Saturday, 6 March 2010

Le Bouchon Breton

Last night I re-visited Le Bouchon Breton in Spitalfields market and had another cracking meal.

Le Bouchon is a little bit of France tucked away in east London. The restaurant is on the first level and takes bit of finding (at least two of my friends rang for directions having wandered haplessly for a while), but once you do, it is worth it, especially if you enjoy traditional French fare. And I'm not sure I could have had a more authentically French meal, if I tried!

Les 12 Escargots de Bourgogne
"12 Snails with Garlic Butter"
So, I started with a dozen snails, as you do. Well, I 'd never had snails before and it seemed like a good time to start. As a rule I always think it's best to try something new for the first time at a restaurant, as, chances are, it'll be cooked well so you stand a good as chance as any of liking the new food.

What I hadn't reckoned with was the new utensils I'd have to get to grips with, in order to get to grip with my molluscs (see below). Snails come on an escargotière, or escargot plate, a metal platter with recesses for the snails. You also get a pair of snail tongs with which to grip the little beasts and a snail fork with which to prise the meat from their shell.

Fortunately I was amongst experts who were able to explain just what to do. Once I'd realised that I had to stop pressing down on the tongs once I had the shell enveloped (further pushing on the tongs just opens them wider!), I was off. The technique is to plunge the snail fork into the meaty bowels of the shell and then twist to pull out the meat.

The actual snail was covered in a gloriously green and garlicky butter. Now, unfortunately I did not have an epiphanous moment and discover an amazing new gustatory pleasure. I can report that my snail experience can be reduced down to three words: rubbery garlic butter. Each snail was a perfect morsel but tasted of nothing more than the garlic and herb butter.

On the basis of this experience, I'm not sure I shall be bothering with snails again. Unless I'm in France, or maybe The Fat Duck...
Cassoulet des Landes
"Hearty Stew of Confied Duck leg, Toulouse and Garlic Sausage in a Rich Confied Tarbais Beans and Tomato Ragout"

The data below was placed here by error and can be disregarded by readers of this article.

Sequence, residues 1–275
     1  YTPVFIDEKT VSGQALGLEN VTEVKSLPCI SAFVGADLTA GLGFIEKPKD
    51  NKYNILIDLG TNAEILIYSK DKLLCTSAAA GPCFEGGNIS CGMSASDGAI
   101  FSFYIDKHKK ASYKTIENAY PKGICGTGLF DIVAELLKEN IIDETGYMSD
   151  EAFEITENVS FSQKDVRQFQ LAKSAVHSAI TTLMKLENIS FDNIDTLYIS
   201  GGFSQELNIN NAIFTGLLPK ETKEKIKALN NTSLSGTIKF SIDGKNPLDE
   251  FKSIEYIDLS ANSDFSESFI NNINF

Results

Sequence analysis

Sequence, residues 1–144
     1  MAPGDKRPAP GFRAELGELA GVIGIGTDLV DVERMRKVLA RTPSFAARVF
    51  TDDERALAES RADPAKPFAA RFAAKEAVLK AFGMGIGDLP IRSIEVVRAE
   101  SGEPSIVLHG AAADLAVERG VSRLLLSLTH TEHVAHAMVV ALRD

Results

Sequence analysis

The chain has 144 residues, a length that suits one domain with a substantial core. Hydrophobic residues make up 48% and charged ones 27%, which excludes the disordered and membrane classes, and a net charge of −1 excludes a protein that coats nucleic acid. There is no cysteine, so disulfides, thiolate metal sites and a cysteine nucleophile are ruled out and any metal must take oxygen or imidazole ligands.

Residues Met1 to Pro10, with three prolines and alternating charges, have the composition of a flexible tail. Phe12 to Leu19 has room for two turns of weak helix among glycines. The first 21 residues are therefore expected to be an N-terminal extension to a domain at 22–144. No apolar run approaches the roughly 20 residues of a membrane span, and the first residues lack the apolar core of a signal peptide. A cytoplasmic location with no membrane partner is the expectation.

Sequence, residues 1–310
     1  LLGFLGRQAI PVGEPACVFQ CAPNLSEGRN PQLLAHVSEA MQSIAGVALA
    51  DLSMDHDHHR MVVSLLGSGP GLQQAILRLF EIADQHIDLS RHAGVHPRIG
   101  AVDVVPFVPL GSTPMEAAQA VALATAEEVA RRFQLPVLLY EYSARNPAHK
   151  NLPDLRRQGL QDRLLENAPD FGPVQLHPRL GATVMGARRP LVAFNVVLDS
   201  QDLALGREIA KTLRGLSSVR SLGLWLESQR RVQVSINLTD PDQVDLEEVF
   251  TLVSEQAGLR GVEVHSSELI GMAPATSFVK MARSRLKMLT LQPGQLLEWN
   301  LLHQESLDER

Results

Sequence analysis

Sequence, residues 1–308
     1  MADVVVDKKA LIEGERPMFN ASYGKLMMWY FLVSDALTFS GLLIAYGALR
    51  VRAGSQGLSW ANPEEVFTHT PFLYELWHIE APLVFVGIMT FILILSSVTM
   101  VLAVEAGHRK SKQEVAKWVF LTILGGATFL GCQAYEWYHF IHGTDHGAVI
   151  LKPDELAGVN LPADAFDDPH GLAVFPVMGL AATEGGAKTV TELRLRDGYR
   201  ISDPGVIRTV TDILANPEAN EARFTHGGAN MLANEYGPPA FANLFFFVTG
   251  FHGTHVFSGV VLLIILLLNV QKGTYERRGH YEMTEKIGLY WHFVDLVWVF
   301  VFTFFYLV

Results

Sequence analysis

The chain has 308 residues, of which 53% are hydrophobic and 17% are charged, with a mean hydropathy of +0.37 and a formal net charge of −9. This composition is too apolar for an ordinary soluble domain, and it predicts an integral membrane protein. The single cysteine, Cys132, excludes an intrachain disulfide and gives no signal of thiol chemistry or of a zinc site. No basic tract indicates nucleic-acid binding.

Cassoulet is a revered, historic, regional dish in France. A little research (what would I do without Larousse and the interweb?) leads me to believe that what I had a was a variant of a Toulouse cassoulet without the mutton. To give it a restaurant appeal I think the duck was cooked separately as the skin was magnificently crisp (which made up for the lack of bean crust).

The dish was very rich and wonderfully flavoured. Absolutely terrific. If I had a minor quibble it was that the beans were mushy. The combination of duck, sausage, fat, beans and tomato must surely be as close to an ambrosial experience as man can get.
Clafouti aux Pruneaux et Creme a l'Armagnac
"Warm ‘Clafouti’ with Brandy Soaked Prunes and Cream"

A clafoutis is a baked batter pudding embedded with black cherries. Here the brandy prunes were a beautiful accompaniment to a rich batter. To be honest, by this stage I'd maybe had a glass of wine or two too many (hence the lack of photo) and can't remember if the cherries had been replaced with prunes too; there certainly weren't any stones.

We also had a platter of seven cheeses, which were, obviously, typically French. What I mean is seven completely delectable, distinct cheeses each as moorish as the next. There's no chance of me remembering what seven we had apart from the fact that despite being stuffed to the gills, I couldn't resist. I would love to go to one of Le Bouchon's cheese masterclasses though I'd have to make sure that it wasn't preceded by a large meal, in order to appreciate the fromage.

Le Bouchon probably isn't a destination restaurant (as is clear from the fact that on a Friday night it was nearly half empty) but it does offer traditional French fare at very reasonable prices. I really can't conceive of anyone going to Le Bouchon and not having a great meal.
Le Bouchon Breton on Urbanspoon

No comments:

Post a Comment

Related Posts with Thumbnails